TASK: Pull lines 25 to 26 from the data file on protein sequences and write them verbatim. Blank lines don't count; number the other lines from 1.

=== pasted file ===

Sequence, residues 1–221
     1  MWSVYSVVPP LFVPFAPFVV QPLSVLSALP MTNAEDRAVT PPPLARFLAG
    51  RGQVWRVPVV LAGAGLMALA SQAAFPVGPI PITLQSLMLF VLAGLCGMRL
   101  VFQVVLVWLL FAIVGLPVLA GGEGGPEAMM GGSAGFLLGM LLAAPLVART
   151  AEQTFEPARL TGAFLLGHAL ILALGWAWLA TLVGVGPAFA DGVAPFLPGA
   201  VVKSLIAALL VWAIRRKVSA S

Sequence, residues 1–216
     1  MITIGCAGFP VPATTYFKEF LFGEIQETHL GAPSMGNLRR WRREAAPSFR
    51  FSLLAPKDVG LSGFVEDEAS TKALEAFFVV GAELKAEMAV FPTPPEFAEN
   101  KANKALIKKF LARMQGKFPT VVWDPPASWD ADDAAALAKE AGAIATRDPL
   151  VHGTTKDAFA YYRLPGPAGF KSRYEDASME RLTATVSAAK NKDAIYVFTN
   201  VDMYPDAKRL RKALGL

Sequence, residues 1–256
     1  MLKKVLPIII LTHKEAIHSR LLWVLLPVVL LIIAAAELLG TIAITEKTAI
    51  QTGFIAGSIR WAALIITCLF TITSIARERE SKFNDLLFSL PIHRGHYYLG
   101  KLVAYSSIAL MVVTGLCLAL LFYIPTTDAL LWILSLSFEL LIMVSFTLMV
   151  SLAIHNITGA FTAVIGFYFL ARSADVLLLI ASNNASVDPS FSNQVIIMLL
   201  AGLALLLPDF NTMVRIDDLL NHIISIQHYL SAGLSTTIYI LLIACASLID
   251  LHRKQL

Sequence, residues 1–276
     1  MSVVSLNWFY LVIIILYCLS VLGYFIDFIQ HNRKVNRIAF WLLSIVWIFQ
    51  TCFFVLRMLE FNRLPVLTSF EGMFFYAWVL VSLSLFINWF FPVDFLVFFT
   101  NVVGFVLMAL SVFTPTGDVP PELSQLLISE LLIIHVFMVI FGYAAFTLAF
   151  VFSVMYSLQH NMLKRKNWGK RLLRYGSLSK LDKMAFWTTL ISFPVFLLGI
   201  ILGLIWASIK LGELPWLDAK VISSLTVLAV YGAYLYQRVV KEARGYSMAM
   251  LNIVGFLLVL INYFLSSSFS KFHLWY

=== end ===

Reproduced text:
   201  ILGLIWASIK LGELPWLDAK VISSLTVLAV YGAYLYQRVV KEARGYSMAM
   251  LNIVGFLLVL INYFLSSSFS KFHLWY